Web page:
Did your spouse just serve you with divorce paperwork? Are you thinking about filing for divorce? Do you have a rocky marriage and just need guidance or advice about your options? If the answer to any of the above questions is “yes”, you probably have many questions of your own. Meeting with a qualified family law attorney is your first step to getting those answers.
But what should you do before you visit a divorce attorney? The list below will not only help you to get your questions answered, but will ensure you are prepared for your initial meeting with your lawyer.
1) Organize your story.
Don’t make things up, but also be sure not to leave things out! Florida is a ‘no fault’ divorce state, which means either party can get a divorce “without the necessity of either party alleging or proving fault on the part of the other.” Lefler v. Lefler, 264 So. 2d 112 (Fla. 4th DCA 1972). You don’t need to prove your spouse is having an affair to get divorced, but the presence of an affair could affect any financial award, your divorce lawyer should hear about all of your imperfections from you and not from your spouse’s lawyer!
During your initial meeting, you will likely only have a short period of time to meet with your lawyer, so make it count. Most lawyers charge a flat fee for an initial consultation. Some consultations last an hour and some are even shorter!
Be prepared to talk a lot! This is your time to tell your lawyer what led you to the decision of divorce. Is there a point of contention between you and your spouse? Is this divorce happening because of fights about money? Fights about the kids? Fights about an affair? Or is this divorce happening because you and your spouse don’t fight or talk at all?
2) Write down a list of questions.
Are you curious about who will pay the credit card debt that you and your spouse have incurred during the marriage? Have you been out of work for years and worried that your spouse won’t financially support you? Do you want to keep the marital home?
No question is silly, so be sure to write all of your questions down in preparation for your initial meeting. You don’t want to leave your lawyer’s office and remember that you forgot to ask him or her about the sale of that piece of property you own in North Carolina.
3) Have some answers of your own.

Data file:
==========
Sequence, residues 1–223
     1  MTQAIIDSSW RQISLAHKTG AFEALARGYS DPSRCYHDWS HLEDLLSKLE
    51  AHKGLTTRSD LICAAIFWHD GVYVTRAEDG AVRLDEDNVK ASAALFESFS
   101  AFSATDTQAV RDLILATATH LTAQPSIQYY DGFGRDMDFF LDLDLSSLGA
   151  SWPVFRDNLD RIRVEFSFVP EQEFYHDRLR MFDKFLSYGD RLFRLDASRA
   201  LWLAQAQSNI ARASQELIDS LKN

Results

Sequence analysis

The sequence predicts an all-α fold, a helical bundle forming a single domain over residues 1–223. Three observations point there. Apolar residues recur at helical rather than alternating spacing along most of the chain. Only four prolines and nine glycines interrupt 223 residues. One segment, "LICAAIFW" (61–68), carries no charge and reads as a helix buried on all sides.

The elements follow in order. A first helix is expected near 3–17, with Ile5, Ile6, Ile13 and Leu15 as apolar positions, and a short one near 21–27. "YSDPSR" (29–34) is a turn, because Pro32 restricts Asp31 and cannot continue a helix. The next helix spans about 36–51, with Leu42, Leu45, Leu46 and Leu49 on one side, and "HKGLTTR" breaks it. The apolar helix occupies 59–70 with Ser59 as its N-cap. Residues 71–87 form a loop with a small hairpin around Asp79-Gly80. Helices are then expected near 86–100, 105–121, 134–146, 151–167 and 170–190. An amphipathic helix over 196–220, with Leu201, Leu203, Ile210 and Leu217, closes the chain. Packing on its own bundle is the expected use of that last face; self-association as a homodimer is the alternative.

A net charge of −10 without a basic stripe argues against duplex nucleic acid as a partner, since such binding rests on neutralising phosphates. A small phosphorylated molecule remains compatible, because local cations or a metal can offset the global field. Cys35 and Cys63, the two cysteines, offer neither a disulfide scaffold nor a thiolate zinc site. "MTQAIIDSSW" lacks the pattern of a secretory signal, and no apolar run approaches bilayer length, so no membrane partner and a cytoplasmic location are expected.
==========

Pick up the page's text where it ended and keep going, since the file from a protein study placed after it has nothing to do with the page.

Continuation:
Your lawyer is going to ask you questions too. Be ready to answer the following general questions.
- How long have you been married? The length of your marriage affects the length of time you may pay or be paid alimony. A short-term marriage is a one having a duration of less than 7 years, a moderate-term marriage is a marriage having a duration of greater than 7 years but less than 17 years, and a long-term marriage is a marriage having a duration of 17 years or greater. Fla. Stat. §61.08(4)
- Have you and your spouse been physically separated for over five years? The length of your separation may be a reason a court could unequally divide marital assets upon dissolution. Heslop v. Moore, 716 So.2d 276 (Fla. 3rd DCA 1998).
- Do you and your spouse have children?
- Do you own the home you are living in with your spouse? Is there a mortgage on the home? Is the house titled in joint names? What about the loan?
- Do you and your spouse have any debt such as credit card debt, student loan debt, mortgages, or medical bills? Was any of this debt incurred before your marriage?
- What other assets do you own with your spouse or on your own? Examples to consider are retirement accounts, savings accounts, stocks or bonds.
- Do you have life insurance? What type? Who is the beneficiary and what type of policy is it?
- Do you or your spouse own a business or corporation? Did you or your spouse start a businesses or corporation during the marriage?
4) Know your budget.
What can you afford? The attorney’s fees for one spouse may be paid by the other, more financially sound spouse. Fla. Stat. §61.16(1). However, keep in mind that whatever money is paid to the lawyer is money that cannot be distributed between you and your spouse upon divorce.
5) Think about what you want.
Is there a piece of property in another state that you really care about? Do you want the marital home to be sold or do you want to take on the responsibility for the home? How often do you want to see your children?
Now that you are better equipped for your first meeting with your divorce attorney, you will be prepared and can have most of your questions answered. It is at this point that you should know what your next step in the process will be. You should feel comfortable with your decision and with your attorney. A divorce is a stressful, complex and life-changing experience. Hiring an experienced attorney who will help you through the process is essential.